|Publication number||US4726944 A|
|Application number||US 06/867,556|
|Publication date||Feb 23, 1988|
|Filing date||May 28, 1986|
|Priority date||May 28, 1986|
|Also published as||DE3785484D1, DE3785484T2, EP0247766A2, EP0247766A3, EP0247766B1|
|Publication number||06867556, 867556, US 4726944 A, US 4726944A, US-A-4726944, US4726944 A, US4726944A|
|Inventors||Lloyd I. Osipow, Dorothea C. Marra, J. George Spitzer|
|Original Assignee||Osipow Lloyd I, Marra Dorothea C, Spitzer J George|
|Export Citation||BiBTeX, EndNote, RefMan|
|Patent Citations (6), Referenced by (35), Classifications (27), Legal Events (4)|
|External Links: USPTO, USPTO Assignment, Espacenet|
Shampoo compositions are available that are effective in cleansing the hair, provide copious lather, and have a creamy, lubricated feel. These compositions, which are available on the retail market, often employ as the primary surfactant a water-soluble salt of lauryl sulfate. Other detergents including the water-soluble salts of lauryl ethoxysulfate are also used as the primary or secondary surfactant.
In addition to water and these anionic surfactants, good shampoos invariably contain coco diethanolamide or lauroyl diethanolamide, which act both to stabilize the foam and to increase the viscosity of the composition. Often a small amount of an inorganic salt is added. This assists the diethanolamide in further increasing the viscosity, A water-soluble gum, particularly a cellulosic gum, may also be used to increase the viscosity. The viscosity of a shampoo should not be too low, otherwise the shampoo is likely to drip from the hair into the eyes.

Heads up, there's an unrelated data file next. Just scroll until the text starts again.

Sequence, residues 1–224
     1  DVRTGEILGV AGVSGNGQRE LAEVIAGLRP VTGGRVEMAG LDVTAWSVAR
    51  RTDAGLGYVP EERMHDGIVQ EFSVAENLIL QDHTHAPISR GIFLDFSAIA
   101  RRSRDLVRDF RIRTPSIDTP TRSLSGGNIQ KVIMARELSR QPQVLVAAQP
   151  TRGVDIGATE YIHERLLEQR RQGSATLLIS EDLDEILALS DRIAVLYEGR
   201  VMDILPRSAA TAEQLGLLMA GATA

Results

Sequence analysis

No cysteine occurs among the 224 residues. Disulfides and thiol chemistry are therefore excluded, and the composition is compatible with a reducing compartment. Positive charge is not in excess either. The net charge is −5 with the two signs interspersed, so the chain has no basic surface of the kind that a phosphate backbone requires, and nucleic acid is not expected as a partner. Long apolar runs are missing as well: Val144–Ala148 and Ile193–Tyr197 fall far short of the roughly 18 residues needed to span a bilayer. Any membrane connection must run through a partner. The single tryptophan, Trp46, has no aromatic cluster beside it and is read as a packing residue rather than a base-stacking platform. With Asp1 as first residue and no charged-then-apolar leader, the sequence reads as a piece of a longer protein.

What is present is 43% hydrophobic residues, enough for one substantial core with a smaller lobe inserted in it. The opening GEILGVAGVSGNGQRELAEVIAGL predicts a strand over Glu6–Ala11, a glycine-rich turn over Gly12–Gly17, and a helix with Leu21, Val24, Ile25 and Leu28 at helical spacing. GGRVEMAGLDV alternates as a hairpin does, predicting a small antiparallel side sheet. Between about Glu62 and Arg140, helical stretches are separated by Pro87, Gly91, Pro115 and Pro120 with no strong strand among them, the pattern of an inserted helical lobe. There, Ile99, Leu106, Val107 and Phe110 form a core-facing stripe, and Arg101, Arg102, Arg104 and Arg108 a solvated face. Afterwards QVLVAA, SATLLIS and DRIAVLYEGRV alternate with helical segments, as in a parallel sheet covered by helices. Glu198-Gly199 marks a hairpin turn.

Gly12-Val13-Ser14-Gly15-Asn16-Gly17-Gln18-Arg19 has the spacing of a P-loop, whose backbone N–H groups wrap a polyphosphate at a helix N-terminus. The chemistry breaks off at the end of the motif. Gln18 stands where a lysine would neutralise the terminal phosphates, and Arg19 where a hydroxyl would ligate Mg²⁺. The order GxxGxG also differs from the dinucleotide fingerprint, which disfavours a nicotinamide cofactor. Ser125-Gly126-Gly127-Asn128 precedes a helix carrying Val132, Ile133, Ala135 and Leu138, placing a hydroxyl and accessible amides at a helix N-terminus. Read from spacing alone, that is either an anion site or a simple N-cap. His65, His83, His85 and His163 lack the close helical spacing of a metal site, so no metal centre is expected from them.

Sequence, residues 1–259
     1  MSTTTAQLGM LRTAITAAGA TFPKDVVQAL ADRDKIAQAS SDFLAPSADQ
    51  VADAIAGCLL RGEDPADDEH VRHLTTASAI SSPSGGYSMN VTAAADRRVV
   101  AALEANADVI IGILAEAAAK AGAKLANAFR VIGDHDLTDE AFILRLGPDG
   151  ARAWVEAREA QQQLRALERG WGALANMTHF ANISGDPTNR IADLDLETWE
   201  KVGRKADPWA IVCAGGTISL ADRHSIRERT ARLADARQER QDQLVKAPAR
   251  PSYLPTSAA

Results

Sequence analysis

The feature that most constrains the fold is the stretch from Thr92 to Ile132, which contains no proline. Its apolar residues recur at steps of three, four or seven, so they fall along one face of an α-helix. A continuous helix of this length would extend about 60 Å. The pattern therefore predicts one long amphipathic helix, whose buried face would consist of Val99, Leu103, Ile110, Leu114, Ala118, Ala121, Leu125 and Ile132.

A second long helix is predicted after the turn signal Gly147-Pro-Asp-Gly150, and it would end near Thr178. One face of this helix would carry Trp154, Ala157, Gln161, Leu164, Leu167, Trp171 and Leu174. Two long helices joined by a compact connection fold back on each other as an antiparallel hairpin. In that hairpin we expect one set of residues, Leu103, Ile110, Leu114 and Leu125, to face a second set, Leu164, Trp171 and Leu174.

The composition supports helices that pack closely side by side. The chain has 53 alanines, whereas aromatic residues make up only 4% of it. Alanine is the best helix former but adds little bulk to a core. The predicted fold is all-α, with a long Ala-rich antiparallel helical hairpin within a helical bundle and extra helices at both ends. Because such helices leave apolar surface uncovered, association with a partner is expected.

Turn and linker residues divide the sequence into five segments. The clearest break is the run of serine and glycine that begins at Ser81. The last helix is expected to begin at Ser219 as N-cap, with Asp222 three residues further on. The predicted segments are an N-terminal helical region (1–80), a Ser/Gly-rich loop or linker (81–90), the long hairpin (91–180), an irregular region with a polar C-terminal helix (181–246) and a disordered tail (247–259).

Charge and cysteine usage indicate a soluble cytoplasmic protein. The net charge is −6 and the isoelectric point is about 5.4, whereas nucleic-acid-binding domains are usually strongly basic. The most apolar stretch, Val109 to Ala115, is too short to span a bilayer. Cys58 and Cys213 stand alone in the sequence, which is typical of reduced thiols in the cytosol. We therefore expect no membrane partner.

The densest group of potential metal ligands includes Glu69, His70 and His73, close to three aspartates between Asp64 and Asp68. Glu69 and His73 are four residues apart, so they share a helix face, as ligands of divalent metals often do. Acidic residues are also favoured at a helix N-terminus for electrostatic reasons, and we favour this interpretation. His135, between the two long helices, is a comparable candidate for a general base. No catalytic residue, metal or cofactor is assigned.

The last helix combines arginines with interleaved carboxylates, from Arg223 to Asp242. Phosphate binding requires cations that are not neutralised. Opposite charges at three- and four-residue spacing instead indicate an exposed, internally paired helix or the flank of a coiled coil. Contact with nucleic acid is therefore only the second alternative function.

Ancillary agents may include protein hydrolysates and fatty esters as hair conditioning agents. Preservatives, color and fragrance are also used.
In the past, conventional shampoos have been compounded with normally gaseous, liquified hydrocarbons or fluorocarbons, generally at vapor pressures in the range of 25 to 40 psig. These pressurized compositions delivered a pre-formed shampoo lather. However, there appeared not to be any benefit in the use of these products and they were not successful.